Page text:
Interview: Huawei CEO, Richard Yu talks Mate 20, Nano Memory cards, and foldable 5G phones
There is a lot going on right after a large event like the one Huawei held in London for the Mate 20 lineup. In fact, aside from the media rushing into the demo area to grab footage and images of the fresh new phones, some other key executives are hosting interviews with the press and key analysts.
We had a chance to join an interview with Richard Yu, alongside other members of the press, where Huawei CEO touched on a few interesting topics about the actual Mate 20 lineup, as well as took some questions to talk about 5G, foldable phones from Huawei, the company’s new Nano Memory card standard, and some other general questions about Huawei’s mobile sector.
The Mate 20 Pro is certainly a market disruptor, but even the Mate 20 X with its 7.2-inch display has the potential to be a disruptor in another segment: the oversized smartphone – predominantly popular in Asian markets. Richard Yu also discusses why the Mate 20 X isn’t launching in Europe right away.
Why did you decide to get rid of the monochrome camera rather than just add a fourth camera? (In light of some other quad camera phones coming out from South Korea)
Our goal was to add an ultra-wide angle camera [on our phone]. Three high end cameras is very expensive, they cost much higher than the four cameras on the other [phones]. Putting 4 lower-end sensors on a phone is very easy to do. While putting three high-end sensors is very difficult. Not only is it very expensive, but it's very difficult to make.
By removing the monochrome camera, we made room for an ultra-wide angle camera, a 16mm lens, so consumers have a wider field of view. But we're also relying on the improved qualities of the main sensor together with the improved ISP to replace the monochrome camera. Having a monochrome camera would definitely be better but that would have meant having four sensors.
So we should expect the next P-series phone to have 4 cameras?
I can't say that. Not necessarily, because the quality is already good enough. It's easy for us to do 4 or 5 camera systems but it will come at the expense of quality. The 4 cameras on those other phones is much lower than our three. We have 3 high-end cameras. Another way to think of it is: a naturally aspirated six cylinder engine does not perform as well as a twin-turbo 4-cylinder engine.
One minor, but important announcement was the Nano Memory and the implications it could have on the whole industry. Is it something that is going to become a global standard?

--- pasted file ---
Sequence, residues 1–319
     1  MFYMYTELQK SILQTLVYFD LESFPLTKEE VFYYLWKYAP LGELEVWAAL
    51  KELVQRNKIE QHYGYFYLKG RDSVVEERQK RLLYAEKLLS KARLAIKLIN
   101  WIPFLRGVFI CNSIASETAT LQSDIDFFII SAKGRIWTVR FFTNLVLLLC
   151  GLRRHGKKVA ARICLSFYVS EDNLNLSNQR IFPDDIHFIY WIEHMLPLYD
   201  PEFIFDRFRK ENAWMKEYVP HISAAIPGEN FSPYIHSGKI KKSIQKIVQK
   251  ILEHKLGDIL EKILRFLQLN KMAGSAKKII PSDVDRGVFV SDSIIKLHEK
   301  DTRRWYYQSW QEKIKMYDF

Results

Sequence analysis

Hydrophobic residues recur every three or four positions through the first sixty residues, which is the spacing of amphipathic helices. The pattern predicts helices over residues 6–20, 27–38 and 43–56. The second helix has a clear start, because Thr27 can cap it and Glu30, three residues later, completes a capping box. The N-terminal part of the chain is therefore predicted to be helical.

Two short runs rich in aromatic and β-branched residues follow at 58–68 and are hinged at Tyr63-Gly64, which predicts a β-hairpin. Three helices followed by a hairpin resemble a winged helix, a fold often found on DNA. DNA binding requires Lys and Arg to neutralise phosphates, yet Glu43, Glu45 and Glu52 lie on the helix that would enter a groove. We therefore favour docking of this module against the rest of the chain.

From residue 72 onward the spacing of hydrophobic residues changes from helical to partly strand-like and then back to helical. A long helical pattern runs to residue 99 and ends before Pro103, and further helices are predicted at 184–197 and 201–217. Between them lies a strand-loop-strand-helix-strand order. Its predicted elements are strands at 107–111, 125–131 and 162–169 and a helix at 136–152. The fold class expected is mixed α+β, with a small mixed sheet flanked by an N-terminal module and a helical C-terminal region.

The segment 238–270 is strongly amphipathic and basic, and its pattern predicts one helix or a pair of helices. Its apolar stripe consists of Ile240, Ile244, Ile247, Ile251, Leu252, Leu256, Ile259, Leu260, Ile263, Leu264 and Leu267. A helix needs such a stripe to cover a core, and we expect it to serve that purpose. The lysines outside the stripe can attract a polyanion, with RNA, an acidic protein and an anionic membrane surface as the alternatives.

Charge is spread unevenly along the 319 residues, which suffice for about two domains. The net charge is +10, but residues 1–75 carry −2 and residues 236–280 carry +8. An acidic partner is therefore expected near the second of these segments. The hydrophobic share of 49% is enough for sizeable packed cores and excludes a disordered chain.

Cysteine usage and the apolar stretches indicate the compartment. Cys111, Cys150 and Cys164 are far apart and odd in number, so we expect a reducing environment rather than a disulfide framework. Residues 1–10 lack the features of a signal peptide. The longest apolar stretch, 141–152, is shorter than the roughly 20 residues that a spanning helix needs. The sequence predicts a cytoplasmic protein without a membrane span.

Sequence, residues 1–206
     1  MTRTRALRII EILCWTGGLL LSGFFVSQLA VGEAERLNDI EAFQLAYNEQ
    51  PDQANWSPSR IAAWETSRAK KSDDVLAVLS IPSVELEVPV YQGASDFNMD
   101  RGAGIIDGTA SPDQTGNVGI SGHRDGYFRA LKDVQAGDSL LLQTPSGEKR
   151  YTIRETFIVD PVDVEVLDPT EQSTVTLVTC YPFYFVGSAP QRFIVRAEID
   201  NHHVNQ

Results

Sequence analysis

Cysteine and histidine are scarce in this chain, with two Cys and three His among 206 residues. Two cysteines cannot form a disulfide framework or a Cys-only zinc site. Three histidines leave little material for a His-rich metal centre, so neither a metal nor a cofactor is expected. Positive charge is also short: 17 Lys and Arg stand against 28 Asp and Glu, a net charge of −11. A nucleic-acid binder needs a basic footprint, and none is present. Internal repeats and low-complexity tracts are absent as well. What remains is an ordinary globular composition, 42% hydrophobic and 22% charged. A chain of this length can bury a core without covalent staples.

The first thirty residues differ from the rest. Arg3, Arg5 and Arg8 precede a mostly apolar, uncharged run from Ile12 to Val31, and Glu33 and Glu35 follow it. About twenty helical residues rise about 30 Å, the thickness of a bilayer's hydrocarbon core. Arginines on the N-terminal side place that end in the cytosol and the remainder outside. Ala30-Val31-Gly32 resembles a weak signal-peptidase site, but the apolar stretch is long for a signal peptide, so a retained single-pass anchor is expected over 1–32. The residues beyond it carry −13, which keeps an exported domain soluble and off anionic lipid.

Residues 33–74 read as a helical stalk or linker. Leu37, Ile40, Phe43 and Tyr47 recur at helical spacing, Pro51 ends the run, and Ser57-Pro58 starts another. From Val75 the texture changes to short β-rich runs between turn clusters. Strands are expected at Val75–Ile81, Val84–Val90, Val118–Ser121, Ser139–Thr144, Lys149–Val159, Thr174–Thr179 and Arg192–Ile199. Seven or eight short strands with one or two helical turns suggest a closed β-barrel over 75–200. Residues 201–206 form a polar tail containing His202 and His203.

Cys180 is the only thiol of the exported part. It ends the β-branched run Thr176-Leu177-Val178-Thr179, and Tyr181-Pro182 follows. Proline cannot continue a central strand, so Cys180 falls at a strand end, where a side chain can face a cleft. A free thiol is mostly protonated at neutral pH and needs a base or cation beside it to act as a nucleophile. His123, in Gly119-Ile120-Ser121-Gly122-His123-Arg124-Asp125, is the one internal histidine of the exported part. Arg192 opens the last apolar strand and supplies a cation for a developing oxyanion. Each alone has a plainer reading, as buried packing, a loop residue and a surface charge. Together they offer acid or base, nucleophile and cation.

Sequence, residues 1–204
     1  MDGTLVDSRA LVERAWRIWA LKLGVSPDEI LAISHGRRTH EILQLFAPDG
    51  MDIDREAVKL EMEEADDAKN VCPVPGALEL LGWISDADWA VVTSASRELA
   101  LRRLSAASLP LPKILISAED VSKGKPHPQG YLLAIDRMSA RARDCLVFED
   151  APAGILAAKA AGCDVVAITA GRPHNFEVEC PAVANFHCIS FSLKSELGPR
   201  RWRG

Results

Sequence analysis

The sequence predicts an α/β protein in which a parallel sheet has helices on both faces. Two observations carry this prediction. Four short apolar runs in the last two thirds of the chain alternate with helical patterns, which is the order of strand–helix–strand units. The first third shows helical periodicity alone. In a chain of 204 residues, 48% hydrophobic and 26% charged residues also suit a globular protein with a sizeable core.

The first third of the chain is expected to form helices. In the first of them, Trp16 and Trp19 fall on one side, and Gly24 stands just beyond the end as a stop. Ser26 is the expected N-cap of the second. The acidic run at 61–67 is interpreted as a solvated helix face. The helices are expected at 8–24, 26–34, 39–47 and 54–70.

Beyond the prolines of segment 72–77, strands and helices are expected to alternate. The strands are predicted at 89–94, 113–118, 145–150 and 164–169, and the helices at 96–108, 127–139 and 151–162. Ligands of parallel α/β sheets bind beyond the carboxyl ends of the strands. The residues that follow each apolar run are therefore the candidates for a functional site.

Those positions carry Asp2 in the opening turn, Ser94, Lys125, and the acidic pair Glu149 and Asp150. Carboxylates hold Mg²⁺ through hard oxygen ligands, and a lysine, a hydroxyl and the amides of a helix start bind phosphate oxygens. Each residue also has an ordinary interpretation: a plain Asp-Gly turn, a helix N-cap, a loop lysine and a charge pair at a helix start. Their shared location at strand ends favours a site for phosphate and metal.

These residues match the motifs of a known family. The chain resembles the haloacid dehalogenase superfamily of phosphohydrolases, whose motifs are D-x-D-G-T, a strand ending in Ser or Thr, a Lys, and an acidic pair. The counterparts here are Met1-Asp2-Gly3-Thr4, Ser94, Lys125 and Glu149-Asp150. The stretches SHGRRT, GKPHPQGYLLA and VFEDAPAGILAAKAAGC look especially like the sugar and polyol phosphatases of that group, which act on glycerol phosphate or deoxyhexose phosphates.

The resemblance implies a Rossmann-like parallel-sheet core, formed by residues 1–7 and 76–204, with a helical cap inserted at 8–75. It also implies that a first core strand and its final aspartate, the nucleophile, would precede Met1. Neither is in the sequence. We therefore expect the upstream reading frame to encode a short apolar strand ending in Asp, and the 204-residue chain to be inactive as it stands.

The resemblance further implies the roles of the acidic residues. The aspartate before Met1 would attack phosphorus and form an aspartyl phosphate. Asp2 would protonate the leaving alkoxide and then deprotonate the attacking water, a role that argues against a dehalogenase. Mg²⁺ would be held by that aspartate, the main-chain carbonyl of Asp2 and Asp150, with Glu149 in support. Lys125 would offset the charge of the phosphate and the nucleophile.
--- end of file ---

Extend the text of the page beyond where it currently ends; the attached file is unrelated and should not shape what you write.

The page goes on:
Yes, it was invented by us and I think it will become a global standard.
Have you spoken to other companies about that?
Yes, you can see how it worked out with say, the double-sided Dual SIM slot. This was invented by Huawei for the Honor Magic phone. You also see everywhere the hybrid SIM slot which can take a second SIM card or a microSD car - that's also something invented by us - that's our global patent. Today it's a global standard but it was invented by Huawei.
So are you going to make the Nano Memory card available to every manufacturer around the world as it is with microSDs?
Yes, we would hope all manufacturers to make Nano Memory cards. We're allowing everyone in the industry to manufacture this memory.
When should we expect the first Nano Memory cards to come out?
Now, they are available now.
Which company is making them?
Today, it's Huawei, but later many companies can make them - all the microSD manufacturers.
Are you going to charge manufacturers a license fee to use your technology?
Currently we have the patent open for all manufacturers to use freely, the entire industry can use it. But it's still our patent so the rights are ours.
Can you give an update on Huawei's efforts toward breaking in the US market?
In short term, the US market is difficult because most phones there are sold through the carrier channels. Currently, there are some reason that don't allow us to work with these channels. So our focus is the global market for now.
With the announcement of the Mate 20 X and its 7.2-inch screen, do you expect the average screen size to increase even more for next year?